Artist of the Month: Aaron Schwartz

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The Newtonite

Aaron Schwartz is October's Artist of the Month.
Aaron Schwartz is October’s Artist of the Month.

by Maya Abou-Rizk
Aaron Schwartz is October’s Artist of the Month for his passion in photography and his work on Humans of Newton North. This year, he’s a Photo Major II. He plans to start a photography business after high school.
Q: When did you start taking photographs?
A: I have always enjoyed being behind the camera, but I really began to explore photography when I took Photo Minor I as a freshman and expanded from there.
Q: What interests you in photography? What do you like most about it?
A: What keeps drawing me back time and time again is the timelessness of it itself. There’s always more to learn or a new place to shoot, models to model, and selfies to be taken. The thing I enjoy most about it is that no matter what your skill set is, you fit right in immediately in the department. It’s one of the most welcoming communities I’ve ever been a part of.
Q: What is a photo project that you are most proud about? Who inspired your idea(s)?
A: One project I have just finished is a project named after an artist named Gregory Crewdson. He is famous for staging every aspect of the pictures he takes. He goes down to great detail in each of his photos. He even hires actors and builds sets for total control. Our task as a class was to come up with our own “Crewdson” photo. For mine, I bought a desk to the middle of my street at night and had my mom work there while I took her picture. The most interesting thing about that was I used only one light, giving the picture a surreal, hazy kind of feel.
Q: What is your favorite part of the photo process?
A: I really enjoy post-processing (Photoshop), as it allows me to control every last aspect of the picture I took or am a part of. I understand that the public is very critical of Photoshop in the fashion industry, but it also is incredibly useful from a photographer’s standpoint. As a photographer, it allows to me to change aspects that I can’t necessarily have control over in real life. For example, I could be floating, inside a bubble, and move pixels around to my liking.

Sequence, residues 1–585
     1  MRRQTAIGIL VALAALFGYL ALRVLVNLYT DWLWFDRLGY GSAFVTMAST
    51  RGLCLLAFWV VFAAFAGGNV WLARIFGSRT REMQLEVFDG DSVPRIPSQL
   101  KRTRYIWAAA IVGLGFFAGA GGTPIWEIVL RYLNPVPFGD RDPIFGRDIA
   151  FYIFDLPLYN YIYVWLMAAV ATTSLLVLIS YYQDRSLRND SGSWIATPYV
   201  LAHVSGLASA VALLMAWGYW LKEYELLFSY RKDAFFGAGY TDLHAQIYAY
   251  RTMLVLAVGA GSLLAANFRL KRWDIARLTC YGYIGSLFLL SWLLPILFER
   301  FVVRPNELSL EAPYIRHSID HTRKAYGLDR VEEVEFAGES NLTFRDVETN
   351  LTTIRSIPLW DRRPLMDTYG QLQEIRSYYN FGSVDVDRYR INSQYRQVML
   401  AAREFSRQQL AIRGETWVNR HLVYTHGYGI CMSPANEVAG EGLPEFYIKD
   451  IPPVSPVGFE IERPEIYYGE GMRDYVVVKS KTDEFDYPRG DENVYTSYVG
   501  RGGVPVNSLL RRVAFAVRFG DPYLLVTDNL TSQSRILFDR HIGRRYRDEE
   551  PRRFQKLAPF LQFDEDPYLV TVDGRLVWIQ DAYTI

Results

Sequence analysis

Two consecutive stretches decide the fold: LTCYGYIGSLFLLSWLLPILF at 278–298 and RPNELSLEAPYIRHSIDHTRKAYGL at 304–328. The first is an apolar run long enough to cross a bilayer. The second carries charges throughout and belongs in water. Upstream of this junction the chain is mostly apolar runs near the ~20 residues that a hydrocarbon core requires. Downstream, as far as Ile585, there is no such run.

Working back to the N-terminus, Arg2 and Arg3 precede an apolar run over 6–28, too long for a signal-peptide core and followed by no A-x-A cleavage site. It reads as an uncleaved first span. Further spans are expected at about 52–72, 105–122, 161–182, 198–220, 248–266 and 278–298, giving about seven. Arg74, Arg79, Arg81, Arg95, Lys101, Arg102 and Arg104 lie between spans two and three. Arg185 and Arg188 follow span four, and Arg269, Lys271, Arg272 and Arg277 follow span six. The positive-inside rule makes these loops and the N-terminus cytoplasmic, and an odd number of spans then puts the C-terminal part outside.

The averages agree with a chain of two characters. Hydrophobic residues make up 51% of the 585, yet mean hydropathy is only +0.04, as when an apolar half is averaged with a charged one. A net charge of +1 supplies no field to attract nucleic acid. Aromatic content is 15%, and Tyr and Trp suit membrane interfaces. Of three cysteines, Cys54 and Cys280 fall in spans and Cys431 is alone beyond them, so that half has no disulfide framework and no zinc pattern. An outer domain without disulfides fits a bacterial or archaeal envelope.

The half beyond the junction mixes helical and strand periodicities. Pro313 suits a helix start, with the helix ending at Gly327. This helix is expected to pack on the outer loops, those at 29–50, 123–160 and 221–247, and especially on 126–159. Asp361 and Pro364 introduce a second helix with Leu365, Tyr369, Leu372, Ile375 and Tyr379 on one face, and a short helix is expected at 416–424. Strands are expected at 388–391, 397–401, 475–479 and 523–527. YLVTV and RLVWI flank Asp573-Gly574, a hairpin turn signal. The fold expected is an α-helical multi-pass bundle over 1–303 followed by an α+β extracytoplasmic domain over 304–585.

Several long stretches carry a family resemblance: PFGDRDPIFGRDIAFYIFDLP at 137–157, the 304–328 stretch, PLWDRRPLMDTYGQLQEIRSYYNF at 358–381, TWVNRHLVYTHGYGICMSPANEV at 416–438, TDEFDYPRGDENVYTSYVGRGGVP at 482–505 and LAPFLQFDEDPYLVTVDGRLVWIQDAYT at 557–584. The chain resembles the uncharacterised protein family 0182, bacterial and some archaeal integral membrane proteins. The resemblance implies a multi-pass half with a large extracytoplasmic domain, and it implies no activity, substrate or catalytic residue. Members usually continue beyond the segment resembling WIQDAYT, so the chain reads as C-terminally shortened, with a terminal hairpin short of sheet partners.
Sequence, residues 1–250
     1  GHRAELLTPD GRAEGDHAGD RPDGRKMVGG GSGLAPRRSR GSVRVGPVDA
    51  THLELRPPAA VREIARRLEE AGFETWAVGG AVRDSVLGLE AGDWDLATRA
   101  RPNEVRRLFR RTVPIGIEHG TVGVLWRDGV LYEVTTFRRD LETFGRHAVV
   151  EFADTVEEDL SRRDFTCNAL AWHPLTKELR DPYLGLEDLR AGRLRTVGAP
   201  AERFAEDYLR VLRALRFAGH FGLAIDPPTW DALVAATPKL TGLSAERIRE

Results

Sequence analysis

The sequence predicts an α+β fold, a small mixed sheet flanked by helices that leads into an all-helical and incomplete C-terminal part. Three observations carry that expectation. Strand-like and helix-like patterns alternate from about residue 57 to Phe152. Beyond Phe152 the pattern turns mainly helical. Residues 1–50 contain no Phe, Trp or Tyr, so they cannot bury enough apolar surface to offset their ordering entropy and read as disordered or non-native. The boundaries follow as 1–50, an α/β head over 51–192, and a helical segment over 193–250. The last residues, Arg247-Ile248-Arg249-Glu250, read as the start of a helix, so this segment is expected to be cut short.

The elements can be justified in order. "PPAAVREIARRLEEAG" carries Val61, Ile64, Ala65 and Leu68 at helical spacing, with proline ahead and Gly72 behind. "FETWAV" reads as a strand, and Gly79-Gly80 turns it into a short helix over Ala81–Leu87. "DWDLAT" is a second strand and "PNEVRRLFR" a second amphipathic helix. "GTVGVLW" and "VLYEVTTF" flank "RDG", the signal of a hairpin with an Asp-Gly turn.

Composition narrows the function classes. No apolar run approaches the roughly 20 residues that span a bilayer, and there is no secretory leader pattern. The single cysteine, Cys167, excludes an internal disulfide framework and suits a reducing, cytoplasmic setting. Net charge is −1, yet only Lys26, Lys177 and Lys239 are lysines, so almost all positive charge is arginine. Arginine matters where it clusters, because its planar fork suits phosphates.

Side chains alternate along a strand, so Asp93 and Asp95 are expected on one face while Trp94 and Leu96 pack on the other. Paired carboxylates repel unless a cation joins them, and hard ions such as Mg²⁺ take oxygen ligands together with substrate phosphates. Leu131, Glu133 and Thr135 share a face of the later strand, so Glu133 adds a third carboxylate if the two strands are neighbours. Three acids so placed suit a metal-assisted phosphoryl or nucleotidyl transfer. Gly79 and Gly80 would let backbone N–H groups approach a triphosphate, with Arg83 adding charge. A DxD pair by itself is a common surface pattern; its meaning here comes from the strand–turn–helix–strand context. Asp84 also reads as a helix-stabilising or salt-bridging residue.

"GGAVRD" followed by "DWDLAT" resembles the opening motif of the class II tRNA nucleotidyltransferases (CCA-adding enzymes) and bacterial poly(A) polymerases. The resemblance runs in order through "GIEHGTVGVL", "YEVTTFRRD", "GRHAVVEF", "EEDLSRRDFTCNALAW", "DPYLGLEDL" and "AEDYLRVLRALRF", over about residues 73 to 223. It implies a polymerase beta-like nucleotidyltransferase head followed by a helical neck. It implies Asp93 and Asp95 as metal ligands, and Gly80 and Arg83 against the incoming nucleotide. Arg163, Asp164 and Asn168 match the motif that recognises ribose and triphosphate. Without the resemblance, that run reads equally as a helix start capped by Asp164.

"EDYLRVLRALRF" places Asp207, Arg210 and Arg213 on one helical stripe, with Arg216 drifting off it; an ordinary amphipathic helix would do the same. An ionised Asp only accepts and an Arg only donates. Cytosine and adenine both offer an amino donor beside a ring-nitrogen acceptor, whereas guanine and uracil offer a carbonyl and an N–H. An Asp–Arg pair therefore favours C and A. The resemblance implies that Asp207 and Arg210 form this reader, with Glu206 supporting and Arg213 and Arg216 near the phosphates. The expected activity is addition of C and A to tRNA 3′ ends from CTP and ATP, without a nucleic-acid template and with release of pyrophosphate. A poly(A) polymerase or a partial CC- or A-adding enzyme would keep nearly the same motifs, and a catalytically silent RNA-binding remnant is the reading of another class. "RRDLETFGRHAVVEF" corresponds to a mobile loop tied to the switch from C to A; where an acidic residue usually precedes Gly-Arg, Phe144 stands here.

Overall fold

Q: What is the most important thing to know about photography in your opinion? If I were to pick up a camera for the first time ever, what is the one thing you would say to me?
A: Don’t drop it. Jokes aside, I would say to shoot with a tripod whenever you can; it makes your life a lot easier.
Q: Do you plan to continue with photography after high school? If so, what will you do? If not, why not?
A: I hope to start my own photography business. In the past I’ve done a couple of bar mitzvahs (mazel tov!) but my hope in the future is to expand into more artistic and portraiture photography.
Q: Who has been the best mentor to you in terms of photography? Who do you look up to?
A: I could easily crash the website with the amount of names I could list, but one person who I’ve definitely learned a lot from is my photography teacher, Mr. MacIntyre. Other than being one of the all-around coolest people, he taught me a ton in photo class (which you all should be taking).
Q: Do you believe photography is an important part of the world?
A: Without a doubt. While the world may survive a day or two without selfies, we look at photography a lot in our lives. Aside from newscasting purposes, everyone who picks up a camera takes a shot and interprets it differently from everyone else. It’s almost like a signature or thumbprint. Your picture is your post-it note of that moment in time that no one else will interpret the same way as you. In short, photography is each person’s own way of expressing his/herself and for that reason, it’s important to the world.